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    Sanitizing a Chinese Shakespeare

    The webseries “A Dream of Splendor” is a hit, but its female characters come off as trite cutouts relative to the show’s 700-year-old source material.

    Based on ratings and online buzz alone, the costume drama “A Dream of Splendor” could wind up being the summer’s most talked about new show. Part of that can be chalked up to a big-name cast featuring Liu Yifei of Disney’s “Mulan,” but the series’ producers have also attributed the show’s success to its roots in China’s literary tradition — specifically the Yuan dynasty (1271-1361) playwright Guan Hanqing’s opera “Rescuing a Courtesan.”

    Sandwiched between the poetry of the Tang and Song dynasties on the one hand, and the boom in vernacular literature of the Ming and Qing on the other, the Yuan has long been the odd dynasty out in China’s literary canon. That is especially true of zaju, a kind of musical comedy popular during the Yuan. The genre differs so drastically from contemporary plays in its format that even the work of masters like Guan are rarely staged today.

    So, it’s a shame that the producers’ boast is misleading at best. A true adaptation of Guan’s play would be fascinating, but about the only thing the first eight episodes of “A Dream of Splendor” take from “Rescuing a Courtesan” are the names of its heroines, Zhao Pan’er and Song Yinzhang; its tame, fairy tale-esque romance could not be further from Guan’s more transgressive original.

    Not much is known about Guan Hanqing’s life. Even the exact dates of his birth and death are unknown, though scholars speculate he was born prior to the Mongol takeover of the Jin dynasty in 1234 and died sometime after the year 1300. He spent most of his life in Dadu, in modern-day Beijing, where he worked as a physician in the Yuan imperial hospital. In his later years, he moved south to the economic and cultural center of Jiangnan, at the mouth of the Yangtze River. It was there that he wrote his most widely known sanqu, a kind of lyric poetry that, like zaju, was popular in the Yuan period.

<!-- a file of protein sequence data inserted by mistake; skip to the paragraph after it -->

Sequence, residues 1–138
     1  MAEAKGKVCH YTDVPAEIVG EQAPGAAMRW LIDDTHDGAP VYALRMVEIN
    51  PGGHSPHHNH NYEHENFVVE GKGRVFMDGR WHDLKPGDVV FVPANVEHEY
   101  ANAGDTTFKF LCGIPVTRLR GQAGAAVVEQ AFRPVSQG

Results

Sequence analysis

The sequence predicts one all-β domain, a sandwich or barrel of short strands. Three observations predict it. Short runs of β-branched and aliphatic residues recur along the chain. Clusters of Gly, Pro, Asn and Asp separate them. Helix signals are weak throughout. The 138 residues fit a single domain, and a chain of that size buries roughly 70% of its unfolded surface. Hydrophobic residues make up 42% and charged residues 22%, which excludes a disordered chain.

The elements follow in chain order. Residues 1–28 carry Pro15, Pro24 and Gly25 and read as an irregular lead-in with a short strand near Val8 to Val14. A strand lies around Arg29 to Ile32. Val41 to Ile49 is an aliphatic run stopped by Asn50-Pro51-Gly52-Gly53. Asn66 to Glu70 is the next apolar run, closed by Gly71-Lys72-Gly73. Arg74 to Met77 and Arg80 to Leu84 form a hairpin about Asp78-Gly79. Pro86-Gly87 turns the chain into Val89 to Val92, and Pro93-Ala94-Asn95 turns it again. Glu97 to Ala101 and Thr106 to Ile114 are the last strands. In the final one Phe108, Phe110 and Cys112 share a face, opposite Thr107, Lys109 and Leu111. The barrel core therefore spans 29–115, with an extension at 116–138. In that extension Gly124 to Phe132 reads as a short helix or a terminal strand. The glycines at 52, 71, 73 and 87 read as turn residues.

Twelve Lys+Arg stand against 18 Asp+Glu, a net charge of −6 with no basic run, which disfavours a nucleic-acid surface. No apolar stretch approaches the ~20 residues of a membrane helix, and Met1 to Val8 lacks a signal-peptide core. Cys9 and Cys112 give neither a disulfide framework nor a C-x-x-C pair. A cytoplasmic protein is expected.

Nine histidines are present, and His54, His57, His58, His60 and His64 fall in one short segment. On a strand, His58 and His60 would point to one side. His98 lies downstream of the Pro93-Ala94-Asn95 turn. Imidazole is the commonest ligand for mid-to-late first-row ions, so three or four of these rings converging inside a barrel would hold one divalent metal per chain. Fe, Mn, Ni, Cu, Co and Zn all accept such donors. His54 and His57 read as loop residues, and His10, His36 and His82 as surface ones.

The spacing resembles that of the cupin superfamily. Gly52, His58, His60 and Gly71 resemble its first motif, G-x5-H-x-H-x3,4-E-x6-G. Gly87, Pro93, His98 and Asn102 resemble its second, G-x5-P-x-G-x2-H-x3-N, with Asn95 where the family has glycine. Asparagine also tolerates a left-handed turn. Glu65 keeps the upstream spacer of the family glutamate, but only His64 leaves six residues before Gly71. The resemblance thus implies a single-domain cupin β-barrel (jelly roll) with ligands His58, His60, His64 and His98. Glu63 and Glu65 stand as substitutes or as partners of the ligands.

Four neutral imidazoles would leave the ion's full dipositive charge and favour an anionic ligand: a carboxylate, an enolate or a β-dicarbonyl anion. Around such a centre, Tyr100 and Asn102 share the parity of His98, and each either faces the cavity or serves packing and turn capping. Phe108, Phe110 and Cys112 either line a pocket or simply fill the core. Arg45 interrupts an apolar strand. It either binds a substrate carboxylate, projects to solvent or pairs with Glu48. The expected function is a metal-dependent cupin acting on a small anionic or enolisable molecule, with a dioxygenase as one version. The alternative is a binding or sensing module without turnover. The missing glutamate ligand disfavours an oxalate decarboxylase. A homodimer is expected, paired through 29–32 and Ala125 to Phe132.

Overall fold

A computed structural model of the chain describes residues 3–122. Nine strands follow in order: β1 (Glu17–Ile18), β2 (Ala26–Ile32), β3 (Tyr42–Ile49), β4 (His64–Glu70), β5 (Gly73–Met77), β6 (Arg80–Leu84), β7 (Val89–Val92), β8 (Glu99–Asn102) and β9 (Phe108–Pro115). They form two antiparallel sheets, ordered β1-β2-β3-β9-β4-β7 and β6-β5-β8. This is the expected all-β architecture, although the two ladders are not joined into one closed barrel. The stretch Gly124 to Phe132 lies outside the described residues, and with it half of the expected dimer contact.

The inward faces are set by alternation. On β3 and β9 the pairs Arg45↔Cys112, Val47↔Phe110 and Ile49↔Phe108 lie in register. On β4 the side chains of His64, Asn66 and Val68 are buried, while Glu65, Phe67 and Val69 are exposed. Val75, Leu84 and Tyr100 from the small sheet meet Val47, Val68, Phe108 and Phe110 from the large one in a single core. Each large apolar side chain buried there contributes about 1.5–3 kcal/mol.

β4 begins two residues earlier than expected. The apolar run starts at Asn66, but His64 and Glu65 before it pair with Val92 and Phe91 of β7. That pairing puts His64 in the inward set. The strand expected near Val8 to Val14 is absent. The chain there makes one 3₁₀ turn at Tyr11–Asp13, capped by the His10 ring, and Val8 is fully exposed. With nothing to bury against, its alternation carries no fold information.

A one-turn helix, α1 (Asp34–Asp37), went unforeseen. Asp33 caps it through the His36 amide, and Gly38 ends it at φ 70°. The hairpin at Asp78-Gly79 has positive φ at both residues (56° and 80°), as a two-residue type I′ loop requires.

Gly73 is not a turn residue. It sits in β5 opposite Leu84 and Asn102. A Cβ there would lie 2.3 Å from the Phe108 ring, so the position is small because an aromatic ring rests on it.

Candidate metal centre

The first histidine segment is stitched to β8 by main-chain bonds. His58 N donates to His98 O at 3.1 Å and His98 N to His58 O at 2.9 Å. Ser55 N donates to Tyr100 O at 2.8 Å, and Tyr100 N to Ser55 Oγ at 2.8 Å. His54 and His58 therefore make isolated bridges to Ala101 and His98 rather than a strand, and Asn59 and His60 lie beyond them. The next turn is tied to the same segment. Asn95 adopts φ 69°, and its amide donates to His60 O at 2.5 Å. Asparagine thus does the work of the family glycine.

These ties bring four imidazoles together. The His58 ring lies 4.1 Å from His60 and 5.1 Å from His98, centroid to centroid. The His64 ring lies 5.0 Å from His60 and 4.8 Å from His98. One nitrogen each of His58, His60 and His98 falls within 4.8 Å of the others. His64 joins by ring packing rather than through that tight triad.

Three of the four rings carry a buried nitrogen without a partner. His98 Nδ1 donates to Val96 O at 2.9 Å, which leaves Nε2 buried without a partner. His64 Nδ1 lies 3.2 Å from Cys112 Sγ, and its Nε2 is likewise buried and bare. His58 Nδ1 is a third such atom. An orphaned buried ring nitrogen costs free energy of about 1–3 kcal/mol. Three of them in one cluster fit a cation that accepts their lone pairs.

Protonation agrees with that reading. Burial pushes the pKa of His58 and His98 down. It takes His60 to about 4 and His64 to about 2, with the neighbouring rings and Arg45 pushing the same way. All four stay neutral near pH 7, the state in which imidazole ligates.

There is evidence that Guan wrote at least 67 plays in his life, of which 18 have been preserved. The content of these works ranged widely, from tragedies and comedies to crime and historical dramas. He was also heavily involved in theater troupe management, production, directing, and acting, with his combination of productivity and hands-on approach to theater earning him comparisons to Shakespeare.

    Perhaps Guan’s best-known play is “The Injustice to Dou E,” which tells the tragic story of the titular young widow as she is harassed and framed by corrupt officials. Ultimately executed as a result of judicial corruption and bribery, her last wish is for her blood to fly as high as the fluttering white silk above, for snow to fall in June and cloak her body, and for the region to experience a three-year drought. Working off a mix of official historical biography and oral history, Guan Hanqing elevates this previously obscure young woman into a tragic figure. Trapped on the lowest rungs of society and with nothing to her name, Dou E nevertheless vehemently rebels against a world in which those with power can do as they please. “What kind of earth are you that cannot tell between good and evil? And what use is a heaven that mistakes worthiness for foolishness?” she asks in a famous monologue.

    The characters of “Rescuing a Courtesan” exist in a similar milieu. In those days, playwrights, lyricists, actors, and courtesans all occupied the bottom rung of the social ladder, and Guan would have been familiar with the kind of women who had to sell their smiles and voices to the wealthy to survive. While he sympathized with their exploitation, he also appreciated the shrewdness they showed, and they became a fixture in his comedies. “Rescuing a Courtesan,” for example, tells the story of how Zhao Pan’er saves her fellow courtesan, Song Yinzhang, from a wealthy but abusive client through a mix of guile and charm.